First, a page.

In the same week that Fab snapped up UK design site Llustre and set its sights on more European expansion, some growth news from another big online fashion commerce player: KupiVIP, the Gilt Groupe of Russia, has raised another $ 38 million in funding to help fuel a business that is on track to make $ 200 million in net sales this year.
The round was led by Intel Capital, with participation from new investors Acton Capital Partners and the European Bank of Reconstruction, as well as existing investors Balderton Capital and Accel Partners, and will be used to expand the company’s logistics operations, with the opening of a 20,000 square-meter warehouse. It will also be used to launch more websites to complement KupiVIP’s flash sales site, luxury goods site, full-price sales site, and white-label business.
“We have only just started to exploit the enormous opportunity the Russian consumer market offers to international brands. With this new investment, we are delighted to get the support we need to build a world class e-commerce company,” said Oskar Hartmann in a statement.
This newest round comes about 14 months after the company announced a $ 55 million round, which still holds the record as the largest-ever investment in a Russian e-commerce company; with the total now raised by the company a whopping $ 104 million.
KupiVIP’s CEO Oskar Hartmann in April said the company was eyeing up an IPO possibly in the next two years, although those plans may be put on hold in the current climate of other Russian companies like Vkontakte (the Russian Facebook) delaying IPO plans in the wake of Facebook’s lackluster performance. This newest raise could help KupiVIP continue to grow in the meantime, and shore up against competitors like Ozon, known as the “Amazon of Russia” for the range of products it offers and sheer size.
KupiVIP, which, like Gilt, started as a flash-sales site selling finite numbers of fashion pieces for a reduced price, has expanded over the years catering to a rising middle class of Russians with disposable income, internet connections, and a strong appetite for shopping and fashion. Its properties now also include KupiLuxe, dedicated to high-end luxury goods; ShopTime, a full-priced e-commerce fashion site; and a white-label e-commerce service for specific brands — which has worked with companies like Adidas and Mexx, which had been trying to crack the Russian market with their own e-commerce endeavors but less successfully.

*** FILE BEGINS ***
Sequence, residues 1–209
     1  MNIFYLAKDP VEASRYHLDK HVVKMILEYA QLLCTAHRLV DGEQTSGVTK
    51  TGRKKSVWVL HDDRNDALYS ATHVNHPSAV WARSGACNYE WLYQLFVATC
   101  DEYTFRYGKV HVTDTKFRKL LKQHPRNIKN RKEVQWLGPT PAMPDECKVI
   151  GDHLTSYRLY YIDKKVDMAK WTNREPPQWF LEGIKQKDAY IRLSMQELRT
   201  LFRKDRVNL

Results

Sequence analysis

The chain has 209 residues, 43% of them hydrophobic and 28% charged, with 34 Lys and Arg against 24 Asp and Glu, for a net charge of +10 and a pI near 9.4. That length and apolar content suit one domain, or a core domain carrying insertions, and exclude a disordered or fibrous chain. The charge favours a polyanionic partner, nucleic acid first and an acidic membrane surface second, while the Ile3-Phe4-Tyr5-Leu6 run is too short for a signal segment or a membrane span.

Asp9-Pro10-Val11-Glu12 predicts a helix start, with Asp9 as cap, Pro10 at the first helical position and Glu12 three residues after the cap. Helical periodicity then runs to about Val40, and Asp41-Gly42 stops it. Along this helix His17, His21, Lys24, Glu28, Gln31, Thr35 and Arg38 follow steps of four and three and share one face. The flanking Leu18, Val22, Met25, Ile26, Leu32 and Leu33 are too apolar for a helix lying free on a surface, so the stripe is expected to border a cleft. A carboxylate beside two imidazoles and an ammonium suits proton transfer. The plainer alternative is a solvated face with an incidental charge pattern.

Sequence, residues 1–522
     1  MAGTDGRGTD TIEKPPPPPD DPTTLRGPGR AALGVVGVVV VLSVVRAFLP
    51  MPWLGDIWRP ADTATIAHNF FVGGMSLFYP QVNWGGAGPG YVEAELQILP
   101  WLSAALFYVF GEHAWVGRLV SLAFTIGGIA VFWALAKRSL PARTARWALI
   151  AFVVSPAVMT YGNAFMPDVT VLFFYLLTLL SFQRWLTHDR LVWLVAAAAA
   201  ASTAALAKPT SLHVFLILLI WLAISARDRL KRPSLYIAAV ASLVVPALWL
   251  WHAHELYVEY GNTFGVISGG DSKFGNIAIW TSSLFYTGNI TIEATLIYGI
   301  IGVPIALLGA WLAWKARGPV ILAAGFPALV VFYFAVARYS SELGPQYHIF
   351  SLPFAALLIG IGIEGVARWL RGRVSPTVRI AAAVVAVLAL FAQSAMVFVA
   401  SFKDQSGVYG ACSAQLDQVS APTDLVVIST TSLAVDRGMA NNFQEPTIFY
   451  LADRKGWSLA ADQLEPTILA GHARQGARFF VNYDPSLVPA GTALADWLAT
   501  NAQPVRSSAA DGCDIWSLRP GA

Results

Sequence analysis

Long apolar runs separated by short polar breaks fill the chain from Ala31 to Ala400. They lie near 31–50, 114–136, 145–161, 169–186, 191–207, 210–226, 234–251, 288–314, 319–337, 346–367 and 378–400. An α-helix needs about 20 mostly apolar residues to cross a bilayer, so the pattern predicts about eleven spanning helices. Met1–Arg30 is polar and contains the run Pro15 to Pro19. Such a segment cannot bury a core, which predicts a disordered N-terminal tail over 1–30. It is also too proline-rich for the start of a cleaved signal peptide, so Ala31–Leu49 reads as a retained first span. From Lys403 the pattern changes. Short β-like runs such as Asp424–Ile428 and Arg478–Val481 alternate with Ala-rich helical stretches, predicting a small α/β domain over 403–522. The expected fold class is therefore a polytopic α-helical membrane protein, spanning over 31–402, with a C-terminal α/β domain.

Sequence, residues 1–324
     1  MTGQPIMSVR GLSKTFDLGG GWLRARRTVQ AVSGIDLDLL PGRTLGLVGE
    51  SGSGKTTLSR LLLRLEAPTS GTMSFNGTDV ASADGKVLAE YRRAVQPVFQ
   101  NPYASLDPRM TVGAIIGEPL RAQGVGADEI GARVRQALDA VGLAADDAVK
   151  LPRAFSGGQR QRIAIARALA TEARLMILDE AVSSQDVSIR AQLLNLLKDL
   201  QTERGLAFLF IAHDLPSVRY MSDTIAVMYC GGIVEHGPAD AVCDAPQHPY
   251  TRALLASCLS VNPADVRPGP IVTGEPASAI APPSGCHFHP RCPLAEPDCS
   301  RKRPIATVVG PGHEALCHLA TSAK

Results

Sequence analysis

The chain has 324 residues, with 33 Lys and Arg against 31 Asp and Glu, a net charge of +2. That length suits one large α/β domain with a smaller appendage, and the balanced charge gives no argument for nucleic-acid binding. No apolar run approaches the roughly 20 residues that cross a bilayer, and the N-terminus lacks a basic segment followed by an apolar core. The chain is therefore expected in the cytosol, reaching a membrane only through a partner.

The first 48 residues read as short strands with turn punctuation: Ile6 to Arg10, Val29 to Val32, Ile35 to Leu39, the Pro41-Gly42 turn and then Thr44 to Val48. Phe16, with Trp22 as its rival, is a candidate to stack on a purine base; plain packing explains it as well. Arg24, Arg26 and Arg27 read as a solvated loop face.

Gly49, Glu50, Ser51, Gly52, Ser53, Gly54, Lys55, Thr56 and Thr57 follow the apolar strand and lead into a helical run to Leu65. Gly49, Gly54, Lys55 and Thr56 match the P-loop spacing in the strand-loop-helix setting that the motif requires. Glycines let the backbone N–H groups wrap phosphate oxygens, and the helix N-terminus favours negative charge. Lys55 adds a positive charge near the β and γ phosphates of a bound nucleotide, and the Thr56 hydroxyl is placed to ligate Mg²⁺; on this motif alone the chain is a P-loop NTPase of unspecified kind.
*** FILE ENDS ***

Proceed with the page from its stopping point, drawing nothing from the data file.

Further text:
Oskar Hartmann, the CEO and co-founder of KupiVIP, told me earlier this year that the company plans to have 23 such white-label sites on the books by the end of this year.
The other big area that KupiVIP is pushing, like Amazon and other big e-commerce players, is the logistics that underpins the online sales. This is especially important in a country like Russia, which doesn’t have as reliable a postal service and a generally poor logistics operation compared to more developed countries, and similarly much less developed non-cash payment services. KupiVIP not only owns and manages its own warehouses and fleet of vehicles but it operates on a cash-on-delivery basis with its driver-employees collecting payment for goods only when the recipient tries on and accepts the items.
The company is on track to make revenues this year of $ 300 million, and projects that it will be pulling in $ 1 billion annually within the next five years. As I’ve pointed out before, that’s a far way from Amazon’s $ 48 billion in 2011 but in a fast-growing market like Russia it’s one to watch.